A few years back, I wrote about Jim Maloney no-hitting the Chicago Cubs in 1965. He had quite a few gems from that year. The gem against Chicago has made it's way to everybody's favourite video sharing site.

Or right here, for your pleasure:

Sadly, it's only the tenth (And last) inning, where the Cincinnati Reds win it and Maloney gets the last out. Still, it feels very historic and good to watch.

What to look out for:

Colour (Big plus, as video taping in colour back then was rare. While many games were broadcast in colour, few were preserved in colour)

Interesting camera angles. Remember, they didn't have all the angles covered, back then!

Reds had numbers on the back of their uniforms. Cubs don't. How do you root for the home team when you don't know who's who on your team?

Some vintage 1960s commercials. How many can you remember if you were alive back then?

A very young Pete Rose (#14 for the Reds)

The last out, or should I saw two outs. A nice double play. I won't spoil who it is.

Larry Jackson, who is the losing pitcher in this game, does not walk a batter, while Maloney walks ten. I thought walks are supposed to kill you!

They let the starters go, go, go back then. That's probably the biggest change in baseball when comparing then to now. Pitching counts weren't really used. Although, thanks to the uploader, you see how many they used to throw back then? Were their arms dangling off by the end of the game? Unreal!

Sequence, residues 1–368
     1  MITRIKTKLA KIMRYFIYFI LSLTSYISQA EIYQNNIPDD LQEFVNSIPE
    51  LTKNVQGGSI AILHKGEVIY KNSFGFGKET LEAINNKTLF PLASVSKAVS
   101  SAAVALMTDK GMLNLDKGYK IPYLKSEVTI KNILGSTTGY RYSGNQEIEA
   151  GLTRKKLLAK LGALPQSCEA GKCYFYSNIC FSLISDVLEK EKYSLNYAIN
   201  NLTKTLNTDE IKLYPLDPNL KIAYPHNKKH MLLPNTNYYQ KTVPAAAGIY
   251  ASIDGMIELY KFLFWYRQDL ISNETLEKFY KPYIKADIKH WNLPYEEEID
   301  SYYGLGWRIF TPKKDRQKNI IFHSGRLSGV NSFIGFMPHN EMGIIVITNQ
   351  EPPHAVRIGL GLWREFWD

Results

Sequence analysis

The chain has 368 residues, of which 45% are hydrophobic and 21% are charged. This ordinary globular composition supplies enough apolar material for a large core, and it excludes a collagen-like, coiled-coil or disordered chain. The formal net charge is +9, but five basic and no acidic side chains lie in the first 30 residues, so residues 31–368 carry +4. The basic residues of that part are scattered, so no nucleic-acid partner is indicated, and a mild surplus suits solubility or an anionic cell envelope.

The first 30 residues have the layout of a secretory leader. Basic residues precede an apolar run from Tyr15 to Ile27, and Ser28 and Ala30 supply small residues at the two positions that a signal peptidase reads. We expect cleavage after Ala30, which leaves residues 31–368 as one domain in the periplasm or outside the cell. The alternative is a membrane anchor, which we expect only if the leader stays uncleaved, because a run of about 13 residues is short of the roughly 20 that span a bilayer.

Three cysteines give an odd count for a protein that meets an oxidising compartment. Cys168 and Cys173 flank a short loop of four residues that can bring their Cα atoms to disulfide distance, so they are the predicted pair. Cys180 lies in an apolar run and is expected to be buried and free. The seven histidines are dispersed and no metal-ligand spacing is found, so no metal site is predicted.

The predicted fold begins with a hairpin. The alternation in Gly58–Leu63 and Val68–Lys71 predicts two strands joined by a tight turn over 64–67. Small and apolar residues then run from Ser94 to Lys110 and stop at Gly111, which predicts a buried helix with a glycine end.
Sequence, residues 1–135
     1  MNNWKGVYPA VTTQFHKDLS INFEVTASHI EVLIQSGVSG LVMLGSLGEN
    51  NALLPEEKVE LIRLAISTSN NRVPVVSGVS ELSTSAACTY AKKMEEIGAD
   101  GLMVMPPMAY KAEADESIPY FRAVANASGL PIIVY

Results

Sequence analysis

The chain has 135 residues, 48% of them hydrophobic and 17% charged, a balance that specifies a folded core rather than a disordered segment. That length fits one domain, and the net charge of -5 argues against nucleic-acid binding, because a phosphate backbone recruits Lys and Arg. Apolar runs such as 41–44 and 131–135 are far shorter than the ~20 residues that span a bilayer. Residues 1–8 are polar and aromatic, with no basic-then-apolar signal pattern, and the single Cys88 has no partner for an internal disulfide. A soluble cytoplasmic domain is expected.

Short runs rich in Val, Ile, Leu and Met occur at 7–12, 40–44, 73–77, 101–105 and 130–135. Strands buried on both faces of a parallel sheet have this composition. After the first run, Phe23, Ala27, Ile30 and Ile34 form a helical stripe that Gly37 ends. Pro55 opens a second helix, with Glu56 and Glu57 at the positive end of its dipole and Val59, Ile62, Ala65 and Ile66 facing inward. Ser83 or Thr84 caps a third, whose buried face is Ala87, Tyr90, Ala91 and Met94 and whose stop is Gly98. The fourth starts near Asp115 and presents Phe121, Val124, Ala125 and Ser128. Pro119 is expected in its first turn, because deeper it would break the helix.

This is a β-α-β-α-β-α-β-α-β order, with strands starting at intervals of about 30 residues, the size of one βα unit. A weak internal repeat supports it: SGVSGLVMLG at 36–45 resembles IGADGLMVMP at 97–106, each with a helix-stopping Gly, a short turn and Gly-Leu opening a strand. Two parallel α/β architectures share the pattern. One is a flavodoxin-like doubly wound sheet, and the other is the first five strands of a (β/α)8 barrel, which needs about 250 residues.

World Series: Did You Know?

Even though the 2012 Fall Classic was a sweep, both teams nearly tied an earlier record. The San Francisco Giants needed just four games to take care of Detroit, but both teams combined to have ten pitchers with ERAs of 0.00. Two more, and they would have tied a record set only six years earlier. The Tigers were also on the losing end of that, too! But they sure had pitching both years.

Barry Zito of the Giants was not one of them, but he pitched well in game one. Right at home, he got the Giants off on the right foot with a 7-2 win. He gave up six hits in 5 2/3 innings pitched, but allowed just one earned run. Tim Lincecum, who did finish the 2012 World Series with an ERA of 0.00, went 2 1/3 innings of shutout ball. Jose Mijares, making his only appearance, retired the only batter he would face this Fall Classic. Detroit did score another run off George Kontos, before Jeremy Affeldt closed the door on the Bengals.

And if was not as if Detroit did not get any pitching in this game, the rout aside. Joaquin Benoit and Rick Porcello combined for 1 2/3 innings pitched of shutout ball for Detroit. Too little, to late.

In game two, it was closer. Detroit, however, failed to score. The Giants only touched home twice themselves. Madison Bumgarner fired a two-hitter over seven innings, and left with the shutout intact. Santiago Casilla and Sergio Romo finished up the shutout for San Fran. Detroit, in addition to a fine (albeit) losing effort from Doug Fister, got a scoreless performance from Octavio Dotel and Phil Coke, who each retired a batter. Coke, however, would eventually be scored on. It was off to Detroit for game three, but the final score was the same as in this game.

Detroit again got a fine pitching performance. But again it was not to be. Ryan Vogelsong went 5 2/3 innings of shutout ball and the bullpen did the job. Lincecum again went 2 1/3 inning of shutout ball. Romo came in to pitch the ninth and got the save again, not allowing a run. Detroit got a scoreless eighth from Benoit. Coke again pitched, and again was not scored on. However, it was all too late as Detroit wasted another fine effort from the starter, this time, Anibal Sanchez.